About this time of year, two things happen: our lawns are dotted with pretty yellow flowers called dandelions, and herb lovers/writers everywhere tell you why you should embrace them, use them, not eradicate them with hideous chemicals.
The Herb Bible’s Earl Mindell ranks this ubiquitous herb among his Hot Hundred. Another notable in the herb world is Rosemary Gladstar. Ask her who’s winning the never-ending war between dandelion-lovers and dandelion-haters and she’ll tell you it’s dandelions, of course! “Dandelion’s tenacity is part of its beauty and, perhaps, has something to do with its medical properties; it has the ability to thrive no matter what.” (Rosemary Gladstar’s Medicinal Herbs)
Call them weeds if you belong to the Dandelion Haters Club, but, just so you know – us card-carrying members of the Dandelion Lovers Club have some pretty solid reasons to love these ever-faithful pop-up beauties. Such as:
- their nutrients — Vitamins B2 (riboflavin), B3 (niacin), C, E, P (rutin), and minerals, calcium, chlorine, magnesium, phosphorous, potassium, silicon, and sodium. (P.S. They’re richly imbued with even more carotenoids than Bugs Bunny’s fave veggie, the carrot!)
- Earl Mindell’s reason for including dandelion as one of his top 100 out of the thousands of herbs inhabiting the earth: they have the potential to make “significant contributions to our lives.” (Check out this article on rosemary, another one of his Hot Hundred.)
- this gem from Growing & Using Herbs: “Dandelion increase the aromatic quality of all herbs and, in small amounts, it helps most vegetables. It has a high concentration of potash in its body, and works to bring nutrients to the soil surface through its multifaceted root system.” Who knew?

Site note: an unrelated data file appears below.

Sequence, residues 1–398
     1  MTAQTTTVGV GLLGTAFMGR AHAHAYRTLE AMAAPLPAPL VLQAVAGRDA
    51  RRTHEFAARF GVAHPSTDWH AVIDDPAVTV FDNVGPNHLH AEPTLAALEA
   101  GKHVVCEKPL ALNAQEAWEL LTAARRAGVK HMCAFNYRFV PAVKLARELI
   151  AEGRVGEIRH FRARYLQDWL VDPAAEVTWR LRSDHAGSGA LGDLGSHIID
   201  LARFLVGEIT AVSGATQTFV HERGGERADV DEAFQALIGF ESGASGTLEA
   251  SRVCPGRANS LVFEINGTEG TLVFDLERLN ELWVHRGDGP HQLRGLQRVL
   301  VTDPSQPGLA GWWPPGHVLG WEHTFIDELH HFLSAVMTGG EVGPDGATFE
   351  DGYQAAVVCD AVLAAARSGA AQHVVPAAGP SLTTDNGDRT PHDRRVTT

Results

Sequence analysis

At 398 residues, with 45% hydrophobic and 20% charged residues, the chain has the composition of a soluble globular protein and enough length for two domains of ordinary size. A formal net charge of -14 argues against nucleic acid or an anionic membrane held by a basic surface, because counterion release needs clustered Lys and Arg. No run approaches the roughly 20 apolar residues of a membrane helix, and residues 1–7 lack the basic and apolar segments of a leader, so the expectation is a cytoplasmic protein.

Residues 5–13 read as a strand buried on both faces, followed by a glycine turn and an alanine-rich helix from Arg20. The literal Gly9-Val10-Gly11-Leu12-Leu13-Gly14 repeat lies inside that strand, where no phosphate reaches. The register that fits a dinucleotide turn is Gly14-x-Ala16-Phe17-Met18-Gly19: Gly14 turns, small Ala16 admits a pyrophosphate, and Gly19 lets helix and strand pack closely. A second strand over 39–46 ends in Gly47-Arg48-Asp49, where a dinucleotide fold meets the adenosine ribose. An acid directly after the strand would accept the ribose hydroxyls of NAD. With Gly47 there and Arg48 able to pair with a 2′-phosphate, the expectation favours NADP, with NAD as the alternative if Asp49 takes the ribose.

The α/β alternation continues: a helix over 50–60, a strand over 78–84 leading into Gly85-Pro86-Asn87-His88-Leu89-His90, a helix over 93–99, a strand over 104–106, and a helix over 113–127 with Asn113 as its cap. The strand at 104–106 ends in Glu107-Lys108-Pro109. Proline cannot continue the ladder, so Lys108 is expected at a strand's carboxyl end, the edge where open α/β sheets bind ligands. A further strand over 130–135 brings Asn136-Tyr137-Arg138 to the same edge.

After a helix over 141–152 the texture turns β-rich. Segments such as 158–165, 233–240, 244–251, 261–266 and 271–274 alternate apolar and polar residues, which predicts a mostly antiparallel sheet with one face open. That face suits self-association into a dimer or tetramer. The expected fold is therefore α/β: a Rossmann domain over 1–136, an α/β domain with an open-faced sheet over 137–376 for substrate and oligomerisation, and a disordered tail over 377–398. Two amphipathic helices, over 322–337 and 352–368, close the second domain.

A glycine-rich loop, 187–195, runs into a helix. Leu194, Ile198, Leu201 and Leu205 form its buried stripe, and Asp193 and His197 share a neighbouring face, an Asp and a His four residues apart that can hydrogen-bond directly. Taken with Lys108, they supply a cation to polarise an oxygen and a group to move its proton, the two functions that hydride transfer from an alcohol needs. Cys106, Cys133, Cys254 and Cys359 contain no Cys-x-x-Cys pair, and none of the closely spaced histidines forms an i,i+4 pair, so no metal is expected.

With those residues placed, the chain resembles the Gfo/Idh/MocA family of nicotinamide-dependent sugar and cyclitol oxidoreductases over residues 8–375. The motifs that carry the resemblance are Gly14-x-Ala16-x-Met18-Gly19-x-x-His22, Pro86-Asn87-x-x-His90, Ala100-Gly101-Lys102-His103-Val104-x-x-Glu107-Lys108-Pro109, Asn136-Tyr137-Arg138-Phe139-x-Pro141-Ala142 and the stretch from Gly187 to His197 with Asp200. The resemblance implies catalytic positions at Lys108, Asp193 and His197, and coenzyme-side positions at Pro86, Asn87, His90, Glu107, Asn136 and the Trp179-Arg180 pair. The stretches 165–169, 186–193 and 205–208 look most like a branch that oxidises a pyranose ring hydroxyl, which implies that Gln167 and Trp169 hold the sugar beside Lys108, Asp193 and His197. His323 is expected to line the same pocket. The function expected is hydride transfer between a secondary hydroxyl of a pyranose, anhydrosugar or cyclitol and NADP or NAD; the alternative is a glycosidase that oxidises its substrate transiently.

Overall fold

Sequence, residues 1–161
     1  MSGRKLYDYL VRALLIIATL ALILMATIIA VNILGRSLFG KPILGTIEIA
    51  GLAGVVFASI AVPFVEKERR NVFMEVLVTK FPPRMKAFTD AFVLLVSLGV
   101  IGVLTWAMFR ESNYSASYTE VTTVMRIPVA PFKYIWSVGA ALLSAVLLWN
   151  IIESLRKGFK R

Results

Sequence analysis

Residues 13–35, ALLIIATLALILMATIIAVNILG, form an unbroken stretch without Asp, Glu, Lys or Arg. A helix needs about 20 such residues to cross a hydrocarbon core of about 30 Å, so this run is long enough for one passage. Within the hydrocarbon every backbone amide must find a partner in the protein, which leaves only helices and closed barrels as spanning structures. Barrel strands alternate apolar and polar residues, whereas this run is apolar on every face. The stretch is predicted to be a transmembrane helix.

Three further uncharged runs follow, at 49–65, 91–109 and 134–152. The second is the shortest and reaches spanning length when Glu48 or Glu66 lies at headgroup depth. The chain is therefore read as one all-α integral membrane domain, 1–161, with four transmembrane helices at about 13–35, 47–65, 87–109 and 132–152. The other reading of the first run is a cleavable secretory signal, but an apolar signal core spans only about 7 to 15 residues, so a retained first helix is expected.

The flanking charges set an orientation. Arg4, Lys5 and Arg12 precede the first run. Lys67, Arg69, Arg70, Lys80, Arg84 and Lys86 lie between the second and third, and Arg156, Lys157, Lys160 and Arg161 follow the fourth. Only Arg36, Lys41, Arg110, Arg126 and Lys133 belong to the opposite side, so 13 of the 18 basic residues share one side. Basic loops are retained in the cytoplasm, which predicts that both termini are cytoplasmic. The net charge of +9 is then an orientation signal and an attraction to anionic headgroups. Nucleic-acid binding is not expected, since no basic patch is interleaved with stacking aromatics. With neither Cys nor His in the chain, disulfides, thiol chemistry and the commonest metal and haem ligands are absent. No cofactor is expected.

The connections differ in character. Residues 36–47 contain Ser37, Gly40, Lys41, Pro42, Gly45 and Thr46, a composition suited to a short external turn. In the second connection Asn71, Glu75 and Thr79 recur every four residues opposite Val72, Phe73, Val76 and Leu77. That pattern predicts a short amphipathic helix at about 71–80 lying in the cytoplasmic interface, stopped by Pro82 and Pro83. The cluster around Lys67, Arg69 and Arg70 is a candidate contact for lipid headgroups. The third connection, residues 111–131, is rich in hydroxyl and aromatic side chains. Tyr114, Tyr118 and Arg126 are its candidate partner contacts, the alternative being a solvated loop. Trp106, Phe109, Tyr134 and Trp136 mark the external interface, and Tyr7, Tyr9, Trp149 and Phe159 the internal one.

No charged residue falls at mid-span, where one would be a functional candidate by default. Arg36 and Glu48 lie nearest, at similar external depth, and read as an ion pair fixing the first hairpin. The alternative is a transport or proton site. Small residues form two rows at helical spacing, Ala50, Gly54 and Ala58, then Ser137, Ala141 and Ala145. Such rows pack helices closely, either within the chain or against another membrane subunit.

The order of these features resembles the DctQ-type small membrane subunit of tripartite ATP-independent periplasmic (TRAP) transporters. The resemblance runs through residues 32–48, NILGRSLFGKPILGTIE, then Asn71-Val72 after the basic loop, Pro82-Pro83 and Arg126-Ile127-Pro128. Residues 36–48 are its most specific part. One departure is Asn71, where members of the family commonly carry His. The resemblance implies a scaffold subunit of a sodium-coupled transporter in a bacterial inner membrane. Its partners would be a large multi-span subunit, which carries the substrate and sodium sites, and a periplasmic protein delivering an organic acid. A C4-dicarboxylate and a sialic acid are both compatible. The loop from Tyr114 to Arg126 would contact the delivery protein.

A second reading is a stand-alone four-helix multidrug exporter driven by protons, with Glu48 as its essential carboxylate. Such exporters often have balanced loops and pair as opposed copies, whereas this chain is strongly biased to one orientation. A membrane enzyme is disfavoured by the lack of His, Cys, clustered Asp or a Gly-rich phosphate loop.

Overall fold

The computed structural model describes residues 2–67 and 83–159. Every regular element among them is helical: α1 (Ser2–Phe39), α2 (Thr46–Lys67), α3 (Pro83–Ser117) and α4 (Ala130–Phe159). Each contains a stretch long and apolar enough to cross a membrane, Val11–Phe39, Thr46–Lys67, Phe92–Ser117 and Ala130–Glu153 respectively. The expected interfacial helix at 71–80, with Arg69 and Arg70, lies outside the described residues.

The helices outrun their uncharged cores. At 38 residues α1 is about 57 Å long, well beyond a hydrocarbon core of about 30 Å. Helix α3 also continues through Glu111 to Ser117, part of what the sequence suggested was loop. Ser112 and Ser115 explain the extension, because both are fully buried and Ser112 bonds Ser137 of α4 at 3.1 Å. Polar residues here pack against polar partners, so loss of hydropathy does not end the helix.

And, what the heck – they’re eye-candy, they’re happiness, they’re persistent, they’re there to use, and they ask nothing of us. We just enjoy seeing those hardy yellow blossoms throughout the growing season. Ever bring bouquets of dandelions to your mom when you were a kid? Kids know!
Convinced they’re not the intruders you were led to believe they are?
From roots to blossoms, dandelions are usable both in the kitchen and in the medicine chest (so to speak). Enjoy them by
- chopping up young roots and using them in place of carrots in stir-fries or soups.
- adding dandelion leaves to salads. They’re less bitter when the roots are young. Mix the less-young leaves with other salad greens to decrease any bitter taste.
- collecting the lemon-yellow blossoms and making dandelion wine. It’s superb! (P.S. You’ll need buckets of the the flower heads. It’s worth the work, though.)
- collecting the blossoms and stir-frying them in pastured butter. Season lightly. Good eats!
- steaming the greens, then lightly drizzling olive oil and a squeeze of lemon juice over them just before serving.
- juicing them in your next green smoothie. Middle-aged leaves might have taken on a slightly bitter flavor, so add a couple more varieties of greens, like spinach or kale, celery and/or red-tipped lettuce, and be sure to add a sweet fruit like banana or raspberries to the mix. (I use three kinds of greens and two fruits.)
Dandelion root makes a good diuretic. (P.S. Skip any diuretic herb if you take synthetic diuretic meds like Lasix.)
Dandelion root is good for digestion.
Dandelion root is the go-to herb herbalists use for liver and gallbladder problems.
Consume dandelion root in tea, in capsules or in drops.
Bees love dandelion blossoms.
Dandelion means “tooth of the lion.”
You can actually buy dandelion seed and direct-sow it into the soil. Really?